A World Living Longer: Global aging is one of the greatest challenges of the century. And this is not just a “Western” problem. Politicians and policy makers around the world are rethinking healthcare networks, urban design, nursing care, and pension systems to prepare for it. The elderly themselves are key players to help turn this from challenge to opportunity.
For more in the Monitor's look at global aging issues and solutions, please visit our series homepage.
The "Third Age" home for the elderly is a clean, modern, privately-run facility for about 50 people in this hilly satellite town just outside Moscow.
It represents the high end in the range of options facing the growing numbers of Russian retirees: offering around-the-clock care, comfortable rooms done in Soviet-era decor to remind them of their youth, friendly and well-trained staff, and various stimulating forms of recreation.
"We take a personal approach to each resident. It's not just about eating and sleeping, but about maximizing possibilities, encouraging social interaction, and improving the quality of life for body and mind," says Irina Pokhotko, the home's medical supervisor. "Of course we offer far more than you will find in state facilities."
You might think this comfortable and apparently well-run home is – or ought to be – the wave of the future in a country that's graying fast, and whose rising private business economy is being encouraged by government to step in and shoulder the burden of social services formerly run by the state.
But, although the private sector is growing fast, there are few reasons to believe homes like this are ever likely to become the standard retirement venue for most aging Russians.
Tradition remains strong here, and huge numbers of pensioners still live with their families. Millions more take refuge in state-run old age homes, which are of varying quality. Due to the unusual political strength of pensioners and war veterans in Soviet and now Russian society, publicly-run facilities for the elderly have always been relatively well-resourced and are currently under pressure from the federal government to modernize and standardize their services.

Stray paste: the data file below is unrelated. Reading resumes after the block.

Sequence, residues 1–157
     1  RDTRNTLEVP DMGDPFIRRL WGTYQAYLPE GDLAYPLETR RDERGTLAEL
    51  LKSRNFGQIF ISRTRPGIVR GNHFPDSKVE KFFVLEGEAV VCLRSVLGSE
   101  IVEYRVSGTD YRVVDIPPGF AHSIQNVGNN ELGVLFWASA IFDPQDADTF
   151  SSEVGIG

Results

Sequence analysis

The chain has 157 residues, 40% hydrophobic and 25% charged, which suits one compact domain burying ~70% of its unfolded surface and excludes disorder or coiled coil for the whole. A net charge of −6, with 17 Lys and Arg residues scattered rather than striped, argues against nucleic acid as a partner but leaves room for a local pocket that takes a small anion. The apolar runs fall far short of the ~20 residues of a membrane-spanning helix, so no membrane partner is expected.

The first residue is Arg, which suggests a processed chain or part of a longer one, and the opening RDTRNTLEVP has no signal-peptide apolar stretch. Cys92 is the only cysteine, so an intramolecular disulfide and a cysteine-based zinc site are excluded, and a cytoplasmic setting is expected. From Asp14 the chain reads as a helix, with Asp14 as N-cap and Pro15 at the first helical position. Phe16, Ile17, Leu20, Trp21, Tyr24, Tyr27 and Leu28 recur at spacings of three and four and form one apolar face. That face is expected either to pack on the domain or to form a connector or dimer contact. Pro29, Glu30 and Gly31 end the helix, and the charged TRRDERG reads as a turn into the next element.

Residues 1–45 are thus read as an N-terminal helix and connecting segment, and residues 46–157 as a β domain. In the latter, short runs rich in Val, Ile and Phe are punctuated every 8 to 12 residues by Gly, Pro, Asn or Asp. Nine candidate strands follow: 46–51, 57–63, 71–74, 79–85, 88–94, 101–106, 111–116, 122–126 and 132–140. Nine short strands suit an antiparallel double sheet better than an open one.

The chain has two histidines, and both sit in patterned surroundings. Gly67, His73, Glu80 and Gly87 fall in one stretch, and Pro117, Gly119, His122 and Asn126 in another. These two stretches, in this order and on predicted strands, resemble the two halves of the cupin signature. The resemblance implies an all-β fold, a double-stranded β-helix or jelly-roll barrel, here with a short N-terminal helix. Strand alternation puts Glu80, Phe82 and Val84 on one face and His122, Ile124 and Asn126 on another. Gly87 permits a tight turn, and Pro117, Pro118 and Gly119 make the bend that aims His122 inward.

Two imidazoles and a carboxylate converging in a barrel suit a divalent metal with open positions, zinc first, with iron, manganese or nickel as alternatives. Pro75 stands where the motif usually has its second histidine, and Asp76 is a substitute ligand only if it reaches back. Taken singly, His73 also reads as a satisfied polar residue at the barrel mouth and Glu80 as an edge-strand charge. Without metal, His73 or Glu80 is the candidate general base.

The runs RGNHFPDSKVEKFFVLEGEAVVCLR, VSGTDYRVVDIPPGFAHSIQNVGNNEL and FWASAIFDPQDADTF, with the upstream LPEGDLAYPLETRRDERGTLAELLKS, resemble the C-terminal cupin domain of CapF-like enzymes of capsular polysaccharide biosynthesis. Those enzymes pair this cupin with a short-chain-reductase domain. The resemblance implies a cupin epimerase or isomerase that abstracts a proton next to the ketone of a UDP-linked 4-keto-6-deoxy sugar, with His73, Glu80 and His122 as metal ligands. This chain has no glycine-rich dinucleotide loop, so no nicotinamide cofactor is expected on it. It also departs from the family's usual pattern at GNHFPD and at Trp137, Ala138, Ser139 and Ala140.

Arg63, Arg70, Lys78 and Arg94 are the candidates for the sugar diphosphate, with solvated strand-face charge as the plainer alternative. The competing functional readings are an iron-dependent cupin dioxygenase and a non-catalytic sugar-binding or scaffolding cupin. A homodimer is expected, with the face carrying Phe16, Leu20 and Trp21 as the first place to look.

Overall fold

"I'm a pensioner myself now, though I plan to work as long as I possibly can and then hope for a swift death," says demographer Boris Denisov, who recently reached the male retirement age of 60. For women, it's 55 in Russia. Controversial new laws aim to gradually raise those ages. "Growing old is not a pleasant prospect anywhere, but for most Russians it still spells poverty."
The pensioner's plight
Russia's demographic picture closely resembles that of northern Europe, with the ratio between retirees and working-age adults inexorably swinging toward the former.
Unlike their Western counterparts, however, most Russians have never had the opportunity to accumulate the property and savings that might enable them to finance a comfortable retirement for themselves. Pensions paid to Russia's almost 35 million elderly citizens are seldom more than the equivalent of $500 per month – many live on far less. That's a problem, because the most minimal package at homes like "Third Age" start at around $60 per day.
"We are in the category of premium services. The average pensioner in Russia today could simply not afford this," says Svetlana Gres, resident manager of the Strogino facility. "Some have children who can pay, and demand is growing, but it's still comparatively small."
Hence, the search is on for public solutions.
In previous years, it was World War II veterans, who are specially venerated in Russian society, who kept official noses glued to the problems of senior citizens. The first big political crisis faced by Vladimir Putin's new administration came a dozen years ago, when it tried to reform Russia's welfare system by transferring many material benefits for the elderly into cash payments. Hundreds of thousands of angry war veterans took to the streets, and forced the Kremlin to back off.
Pensioners' groups were also instrumental in compelling the government to relax mandatory retirement rules in 2008. As a result the number of pensioners in the working population soared from one-in-six to one-in-three today according to Project 50+, a state-funded public group that aims to bring private business, government, and society together to "change stereotypes and find ways to promote more active lives" for senior citizens.